Differential Evolution is a new paradigm of evolutionary algorithm which has been widely used to solve nonlinear and complex problems. The performance of DE is mainly dependent on the parameter settings, which relate to not only characteristics of the specific problem but also the evolution state of the algorithm. Hence, determining the suitable parameter settings of DE is a promising but challenging task. This paper presents an enhanced algorithm, namely, the stochastic coding differential evolution, to improve the robustness and efficiency of DE. Instead of encoding each individual as a vector of floating point numbers, the proposed SDE represents each individual by a multivariate normal distribution. In this way, individuals in the population can be more sensible to their surrounding regions and the algorithm can explore the search space region-by-region. In the SDE, a newly designed update operator and a random mutation operator are incorporated to improve the algorithm performance. Traditional DE operators such as the mutation scheme and the crossover operator are also accordingly extended. The proposed SDE has been validated by nine benchmark test functions with different characteristics. Five EAs are compared in the experiment study. The comparison results demonstrate the effectiveness and efficiency of the SDE. © 2012 ACM.


Li Y.-L.,Sun Yat Sen University | Chen W.-N.,Key Laboratory of Digital Life | Zhang J.,Key Laboratory of Software Technology
GECCO'12 - Proceedings of the 14th International Conference on Genetic and Evolutionary Computation Companion | Year: 2012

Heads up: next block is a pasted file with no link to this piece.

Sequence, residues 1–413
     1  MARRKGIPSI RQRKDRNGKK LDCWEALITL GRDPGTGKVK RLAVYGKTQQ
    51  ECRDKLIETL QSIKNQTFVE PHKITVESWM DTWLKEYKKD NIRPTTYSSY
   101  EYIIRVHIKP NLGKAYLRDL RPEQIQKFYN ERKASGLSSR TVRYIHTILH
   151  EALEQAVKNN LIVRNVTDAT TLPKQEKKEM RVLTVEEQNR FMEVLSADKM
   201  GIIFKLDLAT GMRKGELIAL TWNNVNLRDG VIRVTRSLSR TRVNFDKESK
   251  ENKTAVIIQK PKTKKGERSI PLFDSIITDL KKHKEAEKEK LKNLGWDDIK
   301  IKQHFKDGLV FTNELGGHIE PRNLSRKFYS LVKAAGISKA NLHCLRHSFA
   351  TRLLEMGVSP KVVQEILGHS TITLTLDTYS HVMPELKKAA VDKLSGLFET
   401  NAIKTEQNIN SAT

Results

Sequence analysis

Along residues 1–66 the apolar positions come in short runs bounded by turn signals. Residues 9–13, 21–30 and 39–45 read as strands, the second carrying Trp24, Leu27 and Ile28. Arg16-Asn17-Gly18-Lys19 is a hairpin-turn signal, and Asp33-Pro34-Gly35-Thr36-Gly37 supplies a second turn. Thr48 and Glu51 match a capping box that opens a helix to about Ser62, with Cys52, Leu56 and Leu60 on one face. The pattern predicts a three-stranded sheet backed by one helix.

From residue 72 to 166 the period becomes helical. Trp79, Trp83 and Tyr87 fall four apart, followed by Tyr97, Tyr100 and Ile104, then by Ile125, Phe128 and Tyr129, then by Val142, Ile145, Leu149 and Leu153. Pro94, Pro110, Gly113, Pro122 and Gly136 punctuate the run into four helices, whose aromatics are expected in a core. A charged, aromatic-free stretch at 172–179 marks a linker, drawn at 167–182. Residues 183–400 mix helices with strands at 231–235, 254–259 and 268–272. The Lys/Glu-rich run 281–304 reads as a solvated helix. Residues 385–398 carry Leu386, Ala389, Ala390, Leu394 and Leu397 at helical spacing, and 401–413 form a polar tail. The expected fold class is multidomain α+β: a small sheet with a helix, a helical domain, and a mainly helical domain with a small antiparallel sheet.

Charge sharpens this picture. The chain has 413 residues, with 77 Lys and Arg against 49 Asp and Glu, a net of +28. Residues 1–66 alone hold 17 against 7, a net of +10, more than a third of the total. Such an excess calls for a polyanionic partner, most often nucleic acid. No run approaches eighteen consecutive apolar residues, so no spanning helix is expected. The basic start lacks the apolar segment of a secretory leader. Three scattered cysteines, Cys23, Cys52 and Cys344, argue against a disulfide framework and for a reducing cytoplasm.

Crossover is a very important operation in current differential evolution (DE) algorithms. The existing crossover strategies in DE show promising effects especially when the algorithms are applied to separable functions. However, the operation fails to work well when applied to the ill-conditioned and inseparable problems because the recombination of good genes is no longer promising for generating better individuals. In this paper, we propose to use the principal component analysis (PCA) technique to rebuild a coordinate system. With this system, the correlations among variables are decreased for the crossover operation of DE and the crossover operation become more efficient. Copyright is held by the author/owner(s).


Zhan Z.-H.,Sun Yat Sen University | Zhan Z.-H.,Key Laboratory of Digital Life | Zhan Z.-H.,Key Laboratory of Software Technology | Zhang J.,Sun Yat Sen University | And 2 more authors.
GECCO'12 - Proceedings of the 14th International Conference on Genetic and Evolutionary Computation Companion | Year: 2012

This paper proposes a novel differential evolution (DE) algorithm with random walk (DE-RW). Random walk is a famous phenomenon universally exists in nature and society. As random walk is an erratic movement that can go in any direction and go to any place, it is likely that this mechanism can be used in search algorithm to bring in diversity. We apply the random walk mechanism into conventional DE variants with different parameters. Experiments are conducted on a set of benchmark functions with different characteristics to demonstrate the advantages of random walk in avoiding local optima. Experimental results show that DE-RWs have general better performance than their corresponding conventional DE variants, especially on multimodal functions. Copyright is held by the author/owner(s).


Chen N.,Sun Yat Sen University | Chen N.,Key Laboratory of Digital Life | Chen N.,Key Laboratory of Software Technology | Zhang J.,Sun Yat Sen University | And 3 more authors.